Magazine article Academe

The Historians of Industry

Magazine article Academe

The Historians of Industry

Article excerpt

What happens when historians enter the courtroom as expert witnesses-and start to affect legal outcomes and social policy?

Five years ago, one of us received an odd e-mail. "Dear Dr. Rosner," it began. "I am writing to introduce you to the Round Table Group, and to notify you of a short-term consulting opportunity which may be of interest. Our client is seeking an historian, highly credentialed, at a prestigious university to perform some historical research, and instruct a lay jury about what was known about a particular occupational hazard (lead paint contamination) in 1950 to 1980."

The letter went on to explain how the historian they sought "need not be a subject matter expert" but need only be a "good communicator" who could "easily communicate a story to a jury." The e-mail continued in some detail, telling how the process would work: if David were interested, he could send in his résumé, a brief explanation of his expertise, and a statement of his consulting fee. The note continued by informing him about the consulting group: it was a consortium of "several thousand professors" in "management, law, medicine, science, computer science, education, engineering, economics, and other disciplines who make themselves available to law firms and companies who are clients of the Round Table Group."

During the past two decades, historians have been brought into legal cases in unprecedented numbers. As the courts have tried to adjudicate responsibility for environmental and occupational diseases, history and historians have played an increasingly central role in shaping decisions in the cases themselves as well as in related social policy. In suits over tobacco-related diseases, asbestosis, harm from radiation, and other toxic substances, historians of technology and science, social history, and public health are being brought to the courts in growing numbers to provide expert testimony aimed at assessing responsibility for damages that have arisen years, sometimes decades, after exposure.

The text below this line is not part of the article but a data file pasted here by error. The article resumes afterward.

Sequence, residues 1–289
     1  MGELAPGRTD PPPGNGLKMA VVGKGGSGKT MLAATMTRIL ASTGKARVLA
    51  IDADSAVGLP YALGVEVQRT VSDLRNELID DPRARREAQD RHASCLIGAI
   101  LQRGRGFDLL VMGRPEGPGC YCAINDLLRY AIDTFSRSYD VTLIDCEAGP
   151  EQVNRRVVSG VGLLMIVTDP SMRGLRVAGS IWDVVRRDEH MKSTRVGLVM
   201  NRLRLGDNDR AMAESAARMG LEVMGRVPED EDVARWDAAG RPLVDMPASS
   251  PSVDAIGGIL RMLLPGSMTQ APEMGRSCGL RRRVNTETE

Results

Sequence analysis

The basic questions asked are those with which we became familiar during the Watergate hearings: Who knew what, and when did they know it? Did industry executives understand that specific substances could cause disease? If so, when did they learn of the dangers, and when did they begin to warn their workers or consumers of their products that they were at risk?

As the role of the historian has expanded, so, too, has the controversy surrounding the participation of historians in legal cases. At the 2003 annual meeting of the American Association for the History of Medicine, traditionally a collegial conclave of subspecialists, a panel on the history of childhood diseases ended in a shouting match after a well-known historian-who had been a paid consultant for the tobacco, asbestos, soft drink, and lead industries in the past-presented a paper arguing that the lead industry had done "nothing wrong" before the 1950s and that, in any case, the problem of childhood lead poisoning was vastly overblown. During the conference, the halls were abuzz with gossip and amazement (the New York Times covered the controversy in a June 14, 2003, article by Patricia Cohen). It soon became apparent that many more members of the association had been dipping into the corporate till, testifying on behalf of the tobacco industry, the lead industry, and other producers of toxic products. In March 2005, Jon Wiener, professor of history at the University of California, Irvine, reported on this issue in The Nation.

A much smaller group of historians is being called upon to study the responsibility of industry in causing disease and death. Allan M. Brandt of Harvard University (whose article "A Not-So- Slippery Slope" appears in this issue of Academe) worked for the federal government on a lawsuit against Philip Morris. Stanford University professor Robert Proctor was involved in the same suit and has worked for women damaged by radiation experiments at Vanderbilt University in the past. …

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